Bolts belong to the family of threaded fasteners and are paired with a threaded nut when in use, usually to join two or more components together. Bolts are classified into different types according to their distinct head shapes, strengths, finishes and materials. Types of bolts and their uses.
These classifications all play a role in the final selection of a bolt type for a certain application. It is imperative to have the required knowledge to choose the correct bolt type for a specific job at hand, as there are various styles of bolts that are more effective than others.
Bolts as well as screws are available in a vast variety of head shapes. These heads are made in order to grip the tools that are used to tighten them.
The most common type of bolt head types includes square, hex, slotted hex washer and socket cap.
The earliest bolt heads in use were the square heads. Square heads consist of a square indentation on the head followed by a shaft that withstands rotation when a torque is applied to it. Square heads are still in use today but the hex heads have become more common. Hexagonal heads are used with a wrench or a spanner to provide a torque.
There are numerous other head shapes in use as well, namely flat, oval, pan, round, button and truss.
|Anchor bolts||Bolts with a threaded part in one end and a non-threaded L shaped part on the other. Usually found with a washer and a nut. Made to be rust-resistant.||Securing light poles, structural beams and to fasten equipment to concrete.|
|Carriage bolts||Fully threaded bolts with a smooth head and a square or ribbed undercut that prevents the bolt from turning when tightened.||Fasten metal to wood.|
|Elevator bolts||Fasteners with a thin flat or countersunk head and a square undercut that prevents the bolt from turning when tightened.||Elevators and conveyor systems.|
|Eye bolts||Rod shaped fasteners with threads on one end and bent into a loop on another.||Lifting applications such as wire and rope in light rigging.|
|Flange bolts||Washer on the underside of a hex head. Helps in distribution of force from the bearing load. Also referred to as frame bolts.||Frame applications such as truck and bed frames.|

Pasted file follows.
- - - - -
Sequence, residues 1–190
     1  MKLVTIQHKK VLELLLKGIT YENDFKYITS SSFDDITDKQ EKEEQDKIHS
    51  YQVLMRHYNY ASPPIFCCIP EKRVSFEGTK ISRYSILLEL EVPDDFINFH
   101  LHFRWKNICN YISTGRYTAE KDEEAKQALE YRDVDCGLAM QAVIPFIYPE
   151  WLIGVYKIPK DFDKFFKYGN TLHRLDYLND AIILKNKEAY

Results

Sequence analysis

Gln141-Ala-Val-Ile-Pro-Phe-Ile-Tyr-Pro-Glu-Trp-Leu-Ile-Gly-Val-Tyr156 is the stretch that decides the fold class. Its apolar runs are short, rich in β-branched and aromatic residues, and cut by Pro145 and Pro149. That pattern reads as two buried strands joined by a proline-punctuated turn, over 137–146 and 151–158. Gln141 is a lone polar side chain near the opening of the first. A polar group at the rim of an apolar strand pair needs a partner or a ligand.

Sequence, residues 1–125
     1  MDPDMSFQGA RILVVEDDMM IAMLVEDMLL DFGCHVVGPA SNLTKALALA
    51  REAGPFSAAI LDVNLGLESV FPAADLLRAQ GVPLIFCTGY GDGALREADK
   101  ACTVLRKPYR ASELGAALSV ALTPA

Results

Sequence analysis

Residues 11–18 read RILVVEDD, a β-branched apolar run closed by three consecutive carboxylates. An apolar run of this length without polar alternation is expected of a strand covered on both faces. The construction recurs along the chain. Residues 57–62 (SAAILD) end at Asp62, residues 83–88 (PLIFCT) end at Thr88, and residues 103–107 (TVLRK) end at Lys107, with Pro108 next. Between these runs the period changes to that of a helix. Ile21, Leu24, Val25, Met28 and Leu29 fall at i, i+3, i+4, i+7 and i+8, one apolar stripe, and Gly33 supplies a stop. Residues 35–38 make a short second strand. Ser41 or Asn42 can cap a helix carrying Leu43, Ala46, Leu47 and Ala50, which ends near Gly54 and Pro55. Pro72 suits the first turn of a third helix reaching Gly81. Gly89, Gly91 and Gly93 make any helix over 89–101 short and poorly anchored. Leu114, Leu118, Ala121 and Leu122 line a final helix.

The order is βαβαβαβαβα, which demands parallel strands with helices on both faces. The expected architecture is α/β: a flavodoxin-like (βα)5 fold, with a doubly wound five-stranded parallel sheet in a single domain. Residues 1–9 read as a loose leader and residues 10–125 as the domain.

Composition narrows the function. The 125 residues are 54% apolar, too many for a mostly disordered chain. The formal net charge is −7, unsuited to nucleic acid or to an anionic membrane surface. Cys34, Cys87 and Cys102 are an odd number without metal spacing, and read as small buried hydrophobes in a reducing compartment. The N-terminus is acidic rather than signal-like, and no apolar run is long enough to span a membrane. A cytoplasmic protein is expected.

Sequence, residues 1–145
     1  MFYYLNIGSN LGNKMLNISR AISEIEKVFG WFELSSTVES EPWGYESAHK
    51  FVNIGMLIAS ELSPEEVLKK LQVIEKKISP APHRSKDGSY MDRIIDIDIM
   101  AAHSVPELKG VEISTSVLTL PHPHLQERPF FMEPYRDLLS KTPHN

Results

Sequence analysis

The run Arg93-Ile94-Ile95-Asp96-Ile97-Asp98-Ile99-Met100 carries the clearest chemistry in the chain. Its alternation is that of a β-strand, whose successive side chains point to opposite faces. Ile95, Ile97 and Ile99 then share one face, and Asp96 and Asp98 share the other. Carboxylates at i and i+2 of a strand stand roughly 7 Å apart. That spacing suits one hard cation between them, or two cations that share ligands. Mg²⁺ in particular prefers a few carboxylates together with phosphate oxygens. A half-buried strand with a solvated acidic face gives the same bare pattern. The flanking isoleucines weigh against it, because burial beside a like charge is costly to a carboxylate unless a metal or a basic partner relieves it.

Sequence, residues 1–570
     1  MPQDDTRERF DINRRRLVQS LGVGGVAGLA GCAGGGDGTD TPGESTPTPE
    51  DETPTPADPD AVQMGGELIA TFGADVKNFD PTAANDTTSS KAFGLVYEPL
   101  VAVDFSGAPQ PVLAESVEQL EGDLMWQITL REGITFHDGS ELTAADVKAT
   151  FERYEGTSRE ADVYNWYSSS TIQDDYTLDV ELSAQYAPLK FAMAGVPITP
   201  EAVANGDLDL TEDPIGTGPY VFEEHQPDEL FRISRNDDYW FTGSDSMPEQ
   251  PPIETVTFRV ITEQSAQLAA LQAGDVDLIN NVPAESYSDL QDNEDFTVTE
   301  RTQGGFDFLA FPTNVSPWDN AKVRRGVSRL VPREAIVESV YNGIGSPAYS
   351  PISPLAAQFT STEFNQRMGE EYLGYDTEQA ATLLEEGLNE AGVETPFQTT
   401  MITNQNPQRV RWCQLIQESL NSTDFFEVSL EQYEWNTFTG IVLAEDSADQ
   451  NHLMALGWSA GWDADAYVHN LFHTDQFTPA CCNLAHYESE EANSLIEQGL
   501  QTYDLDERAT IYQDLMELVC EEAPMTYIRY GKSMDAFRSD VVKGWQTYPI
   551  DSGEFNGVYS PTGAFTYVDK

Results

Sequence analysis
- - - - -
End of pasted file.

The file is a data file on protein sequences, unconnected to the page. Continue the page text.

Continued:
|Hanger bolts||Does not come with a bolt head. Both ends of the bolt are threaded. One of the ends is in the shape of a wood screw.||In overhead applications and fastening metal to wood.|
|Hex bolts||Bolts that are fully or partially threaded with six-sided heads.||Broad range of use such as construction and repair of bridges, docks, highway elements and buildings.|
|J bolts||Shaped like the letter J. Non curved section is threaded||Structural applications such as fastening walls to concrete.|
|Lag bolts||One of the toughest fasteners. Creates its own thread when it penetrates wood and other soft material.||Connect heavy materials that are bearing extreme loads.|
|Machine bolts||Square heads paired with a semi-cone point and a fully threaded shaft.||Fastens wood to wood, wood to metal and metal to metal. Also found in general hardware use.|
|Plow bolts||Similar to carriage bolts. Contains a countersunk flat head followed by a square undercut and a threaded shaft.||Used in applications where top surface of where bolt is fastened to, needs to be smooth. Used in manufacture of plow in early days.|
|Roof bolts||Made of a shaft that is to be placed in a pre-drilled hole.||Tunnelling and underground mining. Provides support to the roof.|
|Shoulder bolts||Also known as shoulder screws.
Consist of a long unthreaded, cylindrical shank that helps rotation of attached moving parts.
|Pulleys, moving engine parts and mechanical assemblies, gears and rolling wheels.|
|Square head bolts||Consists of a square head, followed by a smooth shank and a machine screw thread. Can also be fully threaded with the absence of a smooth shank. Design of the head facilitates easier wrench grip when tightening.||All kinds of industrial, agricultural as well as construction applications.|
|Step bolts||Shank may be plain or textured. High strength, threaded bolts.||Used as steps for climbing on steel communication and electrical transmission towers.|
|Structural bolts||Are similar to the standard hex head bolts but have shorter thread lengths, in order to be used in structural applications.||In all types of structural connections.|
|T-bolts||Has a T shaped head in order to be held by a wrench or to be easily fixed in place. Provides a long lasting connection.||Use in buildings, instruments, furniture, automobiles, etc.|
|Timber bolts||Sometimes referred to as mushroom head bolts or dome head bolts.||Treated lumber, marine applications and wood construction.|
|Toggle bolts||Sometimes referred to as a butterfly anchor. Full threaded shafts with a nut in the shape of an expanding wing.||Hanging heavy elements in plaster and drywall.|
|U-bolts||Shaped like the letter U. Threaded on both ends and non-threaded in curved section.||Primary use to support pipework, especially pipes via which liquids and gases flow.|
Bolts have markings to specify their strength, which depends on the material that the bolt is made up of and the dimensions that have been used to make the bolt.
Below is a table showing some typical materials via which common bolts are made and their corresponding markings. Materials mentioned are getting stronger progressively down the table.
|Material||Metric class marking||Imperial grade marking|
|Low or medium carbon steel||–||Grade 2|
|Medium carbon steel - tempered and quenched||Class 8.8||Grade 5|
|Medium carbon alloy steel - quenched and tempered||Class 10.9||Grade 8|
|Alloy steel - quenched and tempered||Class 12.9||–|